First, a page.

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Could deskcamping be the future for freelancers?

Sartre said, “Hell is other people,” and he hadn’t even heard of Deskcamping, the new freelance office-share arrangement for creatives.  


Lewis Parker


Posted on Mar 13, 2014   Updated on May 31, 2021, 3:36 pm CDT

The 20th century’s wise men said that in the future, everybody would work from home. Then the future arrived, and we discovered those wise men were in fact wrong.

Despite sounding very attractive at first, the vast majority of people should not attempt to work from home because the very same technology that enables us to do so—the Internet—is also the most distracting thing ever invented.

After three weeks of working from home, in which I rediscovered some websites I’d probably best not reveal here, I’ve realised that if I’m to get anything done, I need to leave the house every morning.

Last week I signed up to Deskcamping, a new portal that connects freelance workshy types to available desks, to see if I could find somewhere to call my office. Within a few seconds of logging on, it became clear that, in exchange for a table top and an Internet connection, I was going to have to put up with a fair bit of nonsense — which is fine: It would remind me that I’m at work.

“Like a campfire, it’s a place for people to meet and share things,” explains the site’s About page, as though simply exchanging money for a service isn’t enough.

Perhaps most amusing for those aware of the startup industry’s capacity for self-parody, the site’s founder, Nick Couch, claims to have created the company while sitting under a tree in East London while wearing sandals.

“It’s not really about desks at all,” he writes, but “collaboration.”


Speaking via email—presumably from indoors—Couch, a freelance designer by trade, said he created the site as “an alternative to working from home or a café.” Since launching in December, the site’s been averaging 20 new signups a day from offices and freelancers in London, New York, and Berlin, with plans for expansion across Europe and North America.

Right now the site takes no commission from listings, although that will change once Deskcamping has become an established name in the “sharing economy” alongside Airbnb and BlaBlaCar, which hook up consumers with apartments and car journeys, respectively.

“It’s more TLC than T&Cs,” says the obligatory Deskcamping code, the equivalent of Scout Law for freelance Web designers.

Other philosophical musings include, “We want Deskcamping to capture the same spirit of real life camping.” We’re also instructed: “Be a sharer, a helper-outer, a home-baking-muffin-maker. Be yourself (but yourself on a good day).”


A survey by employment agency estimated that 40 percent of small and medium businesses in London use freelancers in the design and creative fields, a number thatis set to increase with time.

By 2020 it is expected that 40 percent of the entire U.S. workforce won’t have a regular workplace. But right now, it’s a strictly metropolitan-elitist affair.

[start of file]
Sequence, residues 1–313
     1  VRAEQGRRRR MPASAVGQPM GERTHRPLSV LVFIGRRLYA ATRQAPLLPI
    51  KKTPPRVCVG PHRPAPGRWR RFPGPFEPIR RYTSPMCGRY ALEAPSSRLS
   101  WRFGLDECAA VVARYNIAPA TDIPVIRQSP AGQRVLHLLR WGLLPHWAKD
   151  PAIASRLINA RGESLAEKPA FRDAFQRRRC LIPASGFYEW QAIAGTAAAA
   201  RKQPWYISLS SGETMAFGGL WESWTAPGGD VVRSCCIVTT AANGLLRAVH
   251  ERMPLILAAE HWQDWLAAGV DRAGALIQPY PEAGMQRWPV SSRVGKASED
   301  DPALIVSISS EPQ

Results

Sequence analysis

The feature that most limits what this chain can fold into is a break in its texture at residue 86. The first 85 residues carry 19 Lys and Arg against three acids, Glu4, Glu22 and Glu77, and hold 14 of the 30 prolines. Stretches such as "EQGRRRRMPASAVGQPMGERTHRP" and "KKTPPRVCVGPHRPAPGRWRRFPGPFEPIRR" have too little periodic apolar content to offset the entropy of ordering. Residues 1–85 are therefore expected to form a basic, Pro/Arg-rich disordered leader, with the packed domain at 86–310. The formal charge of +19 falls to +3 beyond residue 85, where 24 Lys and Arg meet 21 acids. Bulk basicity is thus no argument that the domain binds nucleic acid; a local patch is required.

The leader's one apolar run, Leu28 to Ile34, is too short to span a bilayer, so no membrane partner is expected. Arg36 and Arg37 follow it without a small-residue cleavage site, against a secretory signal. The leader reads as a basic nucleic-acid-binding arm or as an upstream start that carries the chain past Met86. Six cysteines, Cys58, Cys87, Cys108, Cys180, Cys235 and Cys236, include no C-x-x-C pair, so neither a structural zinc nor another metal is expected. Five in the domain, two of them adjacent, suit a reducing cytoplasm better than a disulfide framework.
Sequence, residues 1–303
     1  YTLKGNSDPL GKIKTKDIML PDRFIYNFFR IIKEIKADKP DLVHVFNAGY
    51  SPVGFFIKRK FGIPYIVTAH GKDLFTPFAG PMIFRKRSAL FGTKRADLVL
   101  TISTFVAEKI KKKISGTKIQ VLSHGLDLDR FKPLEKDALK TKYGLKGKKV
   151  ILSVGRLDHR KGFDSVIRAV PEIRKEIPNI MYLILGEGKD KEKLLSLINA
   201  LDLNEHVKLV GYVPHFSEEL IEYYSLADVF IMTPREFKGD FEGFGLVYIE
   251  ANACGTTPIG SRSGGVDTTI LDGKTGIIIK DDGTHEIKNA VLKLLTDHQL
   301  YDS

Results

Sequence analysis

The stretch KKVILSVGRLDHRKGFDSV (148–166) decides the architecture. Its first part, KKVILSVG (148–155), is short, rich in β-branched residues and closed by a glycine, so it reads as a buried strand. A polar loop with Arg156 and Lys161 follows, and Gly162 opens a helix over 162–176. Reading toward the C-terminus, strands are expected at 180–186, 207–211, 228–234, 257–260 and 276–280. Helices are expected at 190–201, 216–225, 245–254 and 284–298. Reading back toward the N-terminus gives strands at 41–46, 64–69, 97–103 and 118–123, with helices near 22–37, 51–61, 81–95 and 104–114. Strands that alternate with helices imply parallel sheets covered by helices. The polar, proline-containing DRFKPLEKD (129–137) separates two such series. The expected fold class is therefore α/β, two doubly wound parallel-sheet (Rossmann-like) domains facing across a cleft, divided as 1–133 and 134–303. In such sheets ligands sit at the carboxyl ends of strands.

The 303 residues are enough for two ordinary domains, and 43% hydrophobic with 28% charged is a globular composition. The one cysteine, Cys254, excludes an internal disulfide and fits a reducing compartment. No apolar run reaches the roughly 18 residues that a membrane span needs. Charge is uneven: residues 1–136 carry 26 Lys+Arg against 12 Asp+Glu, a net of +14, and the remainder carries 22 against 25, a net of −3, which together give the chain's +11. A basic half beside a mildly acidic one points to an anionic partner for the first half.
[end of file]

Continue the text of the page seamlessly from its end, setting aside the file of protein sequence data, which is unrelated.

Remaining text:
Some readers may also be surprised to hear that many of the desks advertised on Deskcamping aren’t located in rooms, offices, or buildings. They’re floating around in “spaces” and “hubs,” well-connected and supercharged, linked in and wired up.

The creative hub-space I linked myself up to was at 90 Main Yard in Hackney Wick, east London, a converted warehouse overlooking the Olympic stadium. I paid £20 for the privilege of working there for one day, which entitled me to a desk, broadband, a retro-futurist chair, and use of the kitchen and toilet facilities. Full members get 24-hour access, a permanent desk, and a locker, but casuals have to be out by 6pm.

“It’s more than just a desk,” said Georgia Patsouraki, the building’s community manager. “We have the breakfast club on Mondays, and on Thursdays we have beers after work and play board games.”


Georgia then showed me a washing line with pieces of coloured card hanging from them, like in primary school. On each card is a photo of all the site’s members—mostly filmmakers, photographers, and designers—which encourages everybody to link up and collaborate.

I sat down to the Monday morning breakfast club; the two other people present totally ignored me. After a cinnamon bagel, I plugged my laptop in on the eight-seater table reserved for hot-deskers.

At 9.45am, a middle-aged man in a checked shirt turned up with a bicycle and sat opposite me on the hot desks. As the stranger plugged his laptop in and the Mac’s welcome tone chimed, I began to wonder if a creative collaboration had been been sparked.

“Good morning,” I said with enthusiasm.

“Morning,” he said, and put on a pair of noise-cancelling headphones.

Later in the day, I had to tape a phone conversation with somebody involved in a minor sex scandal. But there wasn’t enough noise in the office to mask my call, which I was too embarrassed to make within earshot of Georgia, so I retreated outside into the cold and made my call while sitting on a wall in the carpark with a notebook balanced on my knee.

I wondered if Nick Couch would approve.

At 6pm, Georgia tapped me on the shoulder and reminded me politely that it’s time to leave. I hadn’t even noticed the time.

Not only did I feel more productive than if I’d been at home with Frasier on in the background, I’d only gotten up and made coffee once (another procrastination habit), because I didn’t want to come into contact with people who aren’t my friends and don’t even feel like coworkers. We just shared the same floor, roof, and Internet connection for the day.

If that doesn’t sound like work, I don’t know what does.

Photos via Deskcamping

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*First Published: Mar 13, 2014, 11:00 am CDT